HomeBusiness DigestHigh claims drag profits for insurers

High claims drag profits for insurers

As is traditional the Insurance and Pensions Commission (IPEC) released its first half report for short term (non-life) insurance companies.

Victor Makanda

Taking out insurance in Zimbabwe is generally regarded as a luxury and not a priority.

This view has been made worse by the liquidity crunch and the fact that most workers earn meagre wages which are not enough even for the most basic requirements.

People have also lost confidence in insurance, particularly life insurance, as some had their contributions wiped away by hyperinflation. The IPEC report reviewed the performance of short term insurers, reinsurers and insurance broking firms. This article will focus on the short term insurance sector.

Total gross premium written (GPW) for the six months to June 2013 rose by a subdued 7,56% to US$117,82 million compared with the prior years’ US$109,53 million.

Growth was mainly driven by increased business written in motor and fire insurance which contributed 41,6% and 20,74%, respectively.

Motor insurance continues to dominate owing to the growth in the national fleet due to the flood of cheap imported vehicles. Of concern, however, with this type of insurance is the dominance of third party motor insurance compared to full (comprehensive) cover which is regarded as relatively pricey by consumers.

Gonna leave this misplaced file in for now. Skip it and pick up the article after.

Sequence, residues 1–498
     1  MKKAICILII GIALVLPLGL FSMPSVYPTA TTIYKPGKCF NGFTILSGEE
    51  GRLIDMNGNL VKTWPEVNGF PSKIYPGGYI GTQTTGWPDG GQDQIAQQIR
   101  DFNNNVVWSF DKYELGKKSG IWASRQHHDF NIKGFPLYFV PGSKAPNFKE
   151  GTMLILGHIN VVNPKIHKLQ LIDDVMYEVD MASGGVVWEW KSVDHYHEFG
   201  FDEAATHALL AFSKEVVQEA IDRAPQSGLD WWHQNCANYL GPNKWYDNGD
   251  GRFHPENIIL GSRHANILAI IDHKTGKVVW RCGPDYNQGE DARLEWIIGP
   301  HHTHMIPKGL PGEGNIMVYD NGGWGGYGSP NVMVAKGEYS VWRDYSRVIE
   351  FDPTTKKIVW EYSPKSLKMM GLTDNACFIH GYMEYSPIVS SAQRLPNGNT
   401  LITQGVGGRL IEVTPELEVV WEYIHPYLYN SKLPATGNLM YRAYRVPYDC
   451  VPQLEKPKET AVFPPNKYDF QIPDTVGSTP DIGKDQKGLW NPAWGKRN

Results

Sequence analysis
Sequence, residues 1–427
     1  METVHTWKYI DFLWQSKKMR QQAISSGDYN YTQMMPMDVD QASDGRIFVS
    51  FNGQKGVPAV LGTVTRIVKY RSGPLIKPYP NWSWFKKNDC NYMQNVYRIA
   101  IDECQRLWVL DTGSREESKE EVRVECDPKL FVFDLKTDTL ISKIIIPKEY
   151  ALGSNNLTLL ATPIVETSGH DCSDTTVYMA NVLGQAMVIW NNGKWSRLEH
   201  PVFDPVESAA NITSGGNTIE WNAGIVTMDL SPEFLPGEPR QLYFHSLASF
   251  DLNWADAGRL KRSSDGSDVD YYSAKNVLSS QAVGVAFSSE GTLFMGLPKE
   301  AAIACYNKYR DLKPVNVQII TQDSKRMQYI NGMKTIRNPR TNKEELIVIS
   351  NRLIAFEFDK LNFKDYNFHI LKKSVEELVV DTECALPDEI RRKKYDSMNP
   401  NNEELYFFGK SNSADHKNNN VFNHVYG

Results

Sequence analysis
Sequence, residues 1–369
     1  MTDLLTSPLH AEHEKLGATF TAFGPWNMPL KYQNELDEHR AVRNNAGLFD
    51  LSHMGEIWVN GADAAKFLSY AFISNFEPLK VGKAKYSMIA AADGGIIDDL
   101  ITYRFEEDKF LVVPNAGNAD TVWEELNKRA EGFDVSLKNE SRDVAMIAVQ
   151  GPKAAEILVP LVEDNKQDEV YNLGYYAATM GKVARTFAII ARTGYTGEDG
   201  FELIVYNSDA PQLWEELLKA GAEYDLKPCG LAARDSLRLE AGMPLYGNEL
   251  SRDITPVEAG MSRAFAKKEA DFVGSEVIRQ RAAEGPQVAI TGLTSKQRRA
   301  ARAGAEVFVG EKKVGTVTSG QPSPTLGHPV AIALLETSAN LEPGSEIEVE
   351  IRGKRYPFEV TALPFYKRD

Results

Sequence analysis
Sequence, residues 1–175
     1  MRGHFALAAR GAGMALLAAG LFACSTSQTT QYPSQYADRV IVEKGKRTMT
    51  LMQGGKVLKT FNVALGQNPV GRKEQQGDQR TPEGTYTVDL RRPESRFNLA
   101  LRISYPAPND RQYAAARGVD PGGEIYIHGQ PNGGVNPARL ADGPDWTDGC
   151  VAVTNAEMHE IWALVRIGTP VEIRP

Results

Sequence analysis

Aviation insurance, despite its low contribution to Gross Premium Written (GPW), registered the highest growth, of 97,34% to US$4,03 million, due to the increased fleet of the airline industry. Hail insurance on the other hand registered a huge decline of 90,89% to US$0,38 million.

The shift in farming from large-scale commercial operators to small-scale commercial farmers explains the huge decline in hail insurance as the latter rarely opt for insurance products. The 7,56% growth in the first half mirrors the slowdown in the economy due to illiquidity. In June 2012 GPW grew by a respectable 30,27%. It therefore appears that double digit growth rate might be a thing of the past.

Net premium written (NPW), on the other hand, grew by only 4,33% to US$60,84 million as more business was retroceded to reinsurers. This saw the reinsurance premium for reinsures increasing by 11,25% to US$56,98 million.

The decision to retrocede more could represent low risk appetite by insurers. On the other hand, it could be lack of underwriting capacity due to small balance sheets.

Insurers would ideally wish to underwrite more business so that overall profitability increases. It therefore means that they need to strengthen their balance sheets through the injection of more capital.

Underwriting profits which is the core income for insurers declined by 18,79%, from US$6,60million for the six months to 30 June 2012 to US$5,36 million in the review period.

The decline was a result of the huge growth in net claims compared to growth in GPW. Claims grew by 13,26% to US$21,95 million, almost twice the 7,56% growth in GPW. Underwriting profit margins tumbled as a result to 8,8% from 11,3% in the same period last year.